- US Commerce Department list shows planes were made by Boeing and General Dynamics
- Persons who provide service to those jets told to get a license or face jail time and fines
- Gulfstream executive jet was sold to Russian oligarch Roman Abramovich
A total of 100 aircraft that were exported to Russia by US manufacturers Boeing and General Dynamics recently in an apparent violation of sanctions against Russia have been identified by the Department of Commerce and would be subject to enforcement actions, it said.
The DOC’s Bureau of Industry and Security, which publicly identified the commercial and private aircraft in question, notified the public that providing any form of service to these jets requires a permit, or they risk violating the Export Administration Regulations (EAR).
BIS said any person, anywhere he is including Russia, would be subject to BIS enforcement actions that could include substantial jail time, fines, loss of export privileges, or other restrictions.
Today, the Department of Commerce is demonstrating the power and reach of the actions we took over the past few weeks in response to Russia’s brutal war of choice against Ukraine,” said Secretary of Commerce Gina M. Raimondo.
“We are publishing this list to put the world on notice – we will not allow Russian and Belarusian companies and oligarchs to travel with impunity in violation of our laws.”
A list attached to the statement showed the aircraft included a Gulfstream executive jet that was sold to Russian billionaire oligarch Roman Abramovich, a friend of President Vladimir Putin who owns the English Premier League football club Chelsea.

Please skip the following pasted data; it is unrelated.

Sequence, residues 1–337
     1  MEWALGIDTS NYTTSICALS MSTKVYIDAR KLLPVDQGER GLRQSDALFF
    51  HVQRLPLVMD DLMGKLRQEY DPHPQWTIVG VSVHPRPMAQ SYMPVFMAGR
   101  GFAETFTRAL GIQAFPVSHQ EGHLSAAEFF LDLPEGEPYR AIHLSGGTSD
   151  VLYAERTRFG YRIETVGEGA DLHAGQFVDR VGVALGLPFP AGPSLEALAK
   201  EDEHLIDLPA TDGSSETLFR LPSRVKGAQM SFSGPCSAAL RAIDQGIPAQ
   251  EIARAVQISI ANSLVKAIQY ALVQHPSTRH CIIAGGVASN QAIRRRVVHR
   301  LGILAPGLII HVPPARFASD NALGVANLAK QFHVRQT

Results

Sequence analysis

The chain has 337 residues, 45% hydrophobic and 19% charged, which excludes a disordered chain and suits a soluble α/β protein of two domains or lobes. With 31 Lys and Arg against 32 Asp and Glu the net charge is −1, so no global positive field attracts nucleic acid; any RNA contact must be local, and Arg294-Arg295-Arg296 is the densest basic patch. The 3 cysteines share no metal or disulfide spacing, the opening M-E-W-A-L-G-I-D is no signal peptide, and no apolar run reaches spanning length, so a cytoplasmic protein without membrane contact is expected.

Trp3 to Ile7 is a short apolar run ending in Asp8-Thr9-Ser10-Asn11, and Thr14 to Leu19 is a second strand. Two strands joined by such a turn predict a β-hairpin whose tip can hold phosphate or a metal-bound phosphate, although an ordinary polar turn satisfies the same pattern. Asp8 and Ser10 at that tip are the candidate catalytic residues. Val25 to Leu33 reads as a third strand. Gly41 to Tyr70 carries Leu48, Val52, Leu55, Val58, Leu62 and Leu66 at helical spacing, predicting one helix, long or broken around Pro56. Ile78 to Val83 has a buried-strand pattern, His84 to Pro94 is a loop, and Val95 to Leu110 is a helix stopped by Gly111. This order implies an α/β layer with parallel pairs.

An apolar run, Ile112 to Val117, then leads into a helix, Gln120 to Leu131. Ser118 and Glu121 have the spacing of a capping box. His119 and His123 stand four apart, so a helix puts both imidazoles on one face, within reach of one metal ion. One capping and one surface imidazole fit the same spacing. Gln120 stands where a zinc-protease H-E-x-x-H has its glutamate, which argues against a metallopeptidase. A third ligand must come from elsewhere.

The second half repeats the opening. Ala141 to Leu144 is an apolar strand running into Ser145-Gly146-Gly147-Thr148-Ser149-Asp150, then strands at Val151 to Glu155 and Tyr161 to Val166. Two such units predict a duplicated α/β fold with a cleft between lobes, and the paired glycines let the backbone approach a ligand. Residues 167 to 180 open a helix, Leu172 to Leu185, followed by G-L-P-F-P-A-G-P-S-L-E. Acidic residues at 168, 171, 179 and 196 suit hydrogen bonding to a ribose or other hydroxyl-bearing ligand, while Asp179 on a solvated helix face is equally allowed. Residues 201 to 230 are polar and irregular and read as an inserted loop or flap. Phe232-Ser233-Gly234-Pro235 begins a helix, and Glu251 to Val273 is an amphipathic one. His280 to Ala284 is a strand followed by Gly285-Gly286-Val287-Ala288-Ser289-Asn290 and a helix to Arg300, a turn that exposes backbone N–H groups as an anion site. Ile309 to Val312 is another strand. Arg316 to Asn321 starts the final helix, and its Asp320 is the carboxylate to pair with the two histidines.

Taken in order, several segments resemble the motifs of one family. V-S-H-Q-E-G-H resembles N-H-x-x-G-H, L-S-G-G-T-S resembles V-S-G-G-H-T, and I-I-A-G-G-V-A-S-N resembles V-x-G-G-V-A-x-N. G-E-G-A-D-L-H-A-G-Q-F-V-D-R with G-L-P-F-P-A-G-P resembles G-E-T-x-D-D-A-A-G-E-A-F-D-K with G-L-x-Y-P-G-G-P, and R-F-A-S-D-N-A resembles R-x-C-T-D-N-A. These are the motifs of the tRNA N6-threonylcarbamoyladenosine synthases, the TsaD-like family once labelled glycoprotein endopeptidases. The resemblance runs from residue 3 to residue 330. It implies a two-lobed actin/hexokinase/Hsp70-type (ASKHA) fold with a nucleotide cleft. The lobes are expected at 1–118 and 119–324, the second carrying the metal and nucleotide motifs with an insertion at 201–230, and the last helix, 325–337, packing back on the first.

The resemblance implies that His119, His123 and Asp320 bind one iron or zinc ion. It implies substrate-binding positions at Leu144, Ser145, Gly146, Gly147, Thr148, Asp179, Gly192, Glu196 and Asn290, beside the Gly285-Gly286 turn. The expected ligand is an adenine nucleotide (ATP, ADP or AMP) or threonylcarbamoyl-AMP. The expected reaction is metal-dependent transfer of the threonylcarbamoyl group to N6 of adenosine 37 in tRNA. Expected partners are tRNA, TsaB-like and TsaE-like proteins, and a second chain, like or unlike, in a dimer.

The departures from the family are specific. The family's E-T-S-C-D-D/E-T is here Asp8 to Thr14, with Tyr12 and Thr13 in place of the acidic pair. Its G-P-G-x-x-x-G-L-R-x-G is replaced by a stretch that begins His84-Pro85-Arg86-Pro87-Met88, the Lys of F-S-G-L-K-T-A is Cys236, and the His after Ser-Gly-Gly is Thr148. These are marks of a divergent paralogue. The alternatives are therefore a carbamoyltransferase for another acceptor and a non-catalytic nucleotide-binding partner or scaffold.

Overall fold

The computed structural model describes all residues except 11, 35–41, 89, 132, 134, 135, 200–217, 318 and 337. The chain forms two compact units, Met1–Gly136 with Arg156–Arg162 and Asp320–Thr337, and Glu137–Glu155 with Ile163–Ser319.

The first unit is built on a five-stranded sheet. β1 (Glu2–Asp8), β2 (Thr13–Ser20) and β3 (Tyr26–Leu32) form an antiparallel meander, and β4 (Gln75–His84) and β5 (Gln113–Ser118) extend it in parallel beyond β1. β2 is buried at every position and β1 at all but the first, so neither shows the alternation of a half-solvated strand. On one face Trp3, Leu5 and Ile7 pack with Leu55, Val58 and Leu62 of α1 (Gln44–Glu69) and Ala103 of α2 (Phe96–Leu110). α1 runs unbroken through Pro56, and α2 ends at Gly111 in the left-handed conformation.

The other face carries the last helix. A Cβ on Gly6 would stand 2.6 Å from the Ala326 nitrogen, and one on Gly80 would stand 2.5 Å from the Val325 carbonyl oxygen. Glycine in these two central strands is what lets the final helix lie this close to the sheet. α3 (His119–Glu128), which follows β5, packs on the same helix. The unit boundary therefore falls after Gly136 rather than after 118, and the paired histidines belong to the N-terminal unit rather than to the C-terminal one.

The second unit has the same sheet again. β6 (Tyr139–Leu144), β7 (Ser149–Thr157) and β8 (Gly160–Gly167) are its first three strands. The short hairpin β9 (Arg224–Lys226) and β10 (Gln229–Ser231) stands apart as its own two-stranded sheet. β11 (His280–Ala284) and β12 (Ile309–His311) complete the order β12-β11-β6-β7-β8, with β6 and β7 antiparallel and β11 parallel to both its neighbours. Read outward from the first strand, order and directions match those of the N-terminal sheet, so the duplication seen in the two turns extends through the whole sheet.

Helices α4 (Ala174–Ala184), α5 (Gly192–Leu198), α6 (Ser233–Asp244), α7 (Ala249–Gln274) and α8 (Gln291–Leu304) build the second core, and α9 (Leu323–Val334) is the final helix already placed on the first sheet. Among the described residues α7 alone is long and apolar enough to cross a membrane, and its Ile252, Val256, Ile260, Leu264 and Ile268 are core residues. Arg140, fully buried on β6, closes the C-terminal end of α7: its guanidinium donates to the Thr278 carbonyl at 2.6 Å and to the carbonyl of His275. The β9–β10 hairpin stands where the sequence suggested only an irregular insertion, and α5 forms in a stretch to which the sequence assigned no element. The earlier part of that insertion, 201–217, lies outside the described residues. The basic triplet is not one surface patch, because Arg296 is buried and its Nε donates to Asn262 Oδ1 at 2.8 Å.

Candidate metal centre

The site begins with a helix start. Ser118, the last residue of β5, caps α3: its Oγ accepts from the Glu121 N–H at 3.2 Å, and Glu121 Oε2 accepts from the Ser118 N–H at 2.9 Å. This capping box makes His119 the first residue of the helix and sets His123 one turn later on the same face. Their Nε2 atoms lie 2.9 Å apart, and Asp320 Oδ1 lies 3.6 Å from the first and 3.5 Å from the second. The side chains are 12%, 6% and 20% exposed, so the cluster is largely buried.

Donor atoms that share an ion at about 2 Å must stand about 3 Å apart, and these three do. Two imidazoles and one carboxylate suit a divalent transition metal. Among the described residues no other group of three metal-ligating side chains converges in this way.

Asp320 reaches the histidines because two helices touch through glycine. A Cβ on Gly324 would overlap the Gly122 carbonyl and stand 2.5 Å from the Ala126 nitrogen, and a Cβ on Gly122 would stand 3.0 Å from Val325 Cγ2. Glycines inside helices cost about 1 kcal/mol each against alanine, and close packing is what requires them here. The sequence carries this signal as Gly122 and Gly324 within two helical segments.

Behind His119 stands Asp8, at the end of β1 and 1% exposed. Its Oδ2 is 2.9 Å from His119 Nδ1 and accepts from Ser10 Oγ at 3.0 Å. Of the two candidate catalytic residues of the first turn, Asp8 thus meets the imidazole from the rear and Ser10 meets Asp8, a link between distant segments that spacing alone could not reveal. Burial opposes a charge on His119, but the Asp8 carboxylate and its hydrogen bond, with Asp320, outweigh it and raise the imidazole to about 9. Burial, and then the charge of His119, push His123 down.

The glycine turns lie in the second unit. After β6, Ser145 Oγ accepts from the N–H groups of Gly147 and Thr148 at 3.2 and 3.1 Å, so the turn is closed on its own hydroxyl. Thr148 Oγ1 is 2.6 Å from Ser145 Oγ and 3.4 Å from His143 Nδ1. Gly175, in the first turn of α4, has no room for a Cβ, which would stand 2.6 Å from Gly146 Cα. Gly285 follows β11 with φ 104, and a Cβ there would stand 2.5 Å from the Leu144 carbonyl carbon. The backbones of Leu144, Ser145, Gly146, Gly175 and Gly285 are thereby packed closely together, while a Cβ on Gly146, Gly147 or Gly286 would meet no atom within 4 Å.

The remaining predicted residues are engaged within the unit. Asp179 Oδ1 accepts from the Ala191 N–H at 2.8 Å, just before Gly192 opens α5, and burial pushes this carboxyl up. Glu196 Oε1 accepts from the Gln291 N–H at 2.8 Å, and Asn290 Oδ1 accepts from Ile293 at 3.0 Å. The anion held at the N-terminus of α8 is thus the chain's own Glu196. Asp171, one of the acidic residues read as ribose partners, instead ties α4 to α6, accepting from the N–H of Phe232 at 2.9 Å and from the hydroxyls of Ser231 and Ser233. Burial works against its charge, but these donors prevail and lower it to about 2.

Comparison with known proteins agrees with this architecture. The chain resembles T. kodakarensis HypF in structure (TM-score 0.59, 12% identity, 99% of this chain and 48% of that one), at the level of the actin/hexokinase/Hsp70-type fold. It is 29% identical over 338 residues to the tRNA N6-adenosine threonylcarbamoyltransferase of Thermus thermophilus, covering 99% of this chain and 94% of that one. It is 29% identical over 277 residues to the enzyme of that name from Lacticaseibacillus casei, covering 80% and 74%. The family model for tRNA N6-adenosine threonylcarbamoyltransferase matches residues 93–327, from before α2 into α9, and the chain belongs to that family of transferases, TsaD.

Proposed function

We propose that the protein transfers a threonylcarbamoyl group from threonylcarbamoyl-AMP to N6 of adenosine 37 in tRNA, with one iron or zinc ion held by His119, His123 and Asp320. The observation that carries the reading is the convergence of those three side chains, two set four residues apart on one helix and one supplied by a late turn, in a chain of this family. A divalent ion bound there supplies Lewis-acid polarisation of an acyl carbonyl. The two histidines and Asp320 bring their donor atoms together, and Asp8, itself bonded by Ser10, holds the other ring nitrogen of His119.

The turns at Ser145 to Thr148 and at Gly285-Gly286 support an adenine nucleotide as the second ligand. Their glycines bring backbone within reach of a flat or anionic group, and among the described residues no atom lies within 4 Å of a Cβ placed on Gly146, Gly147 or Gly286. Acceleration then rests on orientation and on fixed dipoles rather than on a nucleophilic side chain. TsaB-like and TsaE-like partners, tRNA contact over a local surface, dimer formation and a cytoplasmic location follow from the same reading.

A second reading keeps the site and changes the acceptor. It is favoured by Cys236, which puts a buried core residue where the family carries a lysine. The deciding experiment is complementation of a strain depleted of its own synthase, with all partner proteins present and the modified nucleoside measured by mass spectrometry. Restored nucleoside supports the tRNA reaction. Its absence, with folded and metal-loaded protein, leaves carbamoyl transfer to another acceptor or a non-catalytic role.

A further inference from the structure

The rest are passenger and commercial planes manufactured by Boeing Co. The list shows Aeroflot owns 32, AirBridge Cargo owns 12, Aviastar has 5, Azur Air has 24, Nordwind has 14, and UTair has 12.
“The actions we have taken to date have isolated Russia and Belarus from the global economy, and I hope that today’s action brings that fact home to the Russian businesses and oligarchs that seek to continue their operations,” said Deputy Secretary of Commerce Don Graves.
We are working with our allies and partners to ensure that Russia and Belarus understand that our actions aren’t idle words or dead letters on the page. They have real teeth and as Putin’s vicious war continues, they will continue to bite harder on the Russian and Belarusian economies,” Graves said.
Effective February 24, when the Russian invasion of Ukraine began, BIS imposed expansive and stringent controls on aviation-related items destined for Russia, including a new license requirement for specified aircraft or aircraft parts.
On March 2, BIS imposed similar controls on Belarus, including the license requirement, for allowing Putin to use its territory to launch the invasion.
As a result, any aircraft made in the US or in a foreign country and includes more than 25% US-origin controlled content, is subject to a license if such aircraft is destined for Russia.
BIS began identifying since March 2 a number of commercial and private flights from third countries to Russia based on publicly available information.
Accordingly, any subsequent actions taken with regard to any of the listed aircraft, including, refueling, maintenance, repair, or the provision of spare parts or services, are subject to the prohibitions outlined in EAR that enforces the sanctions.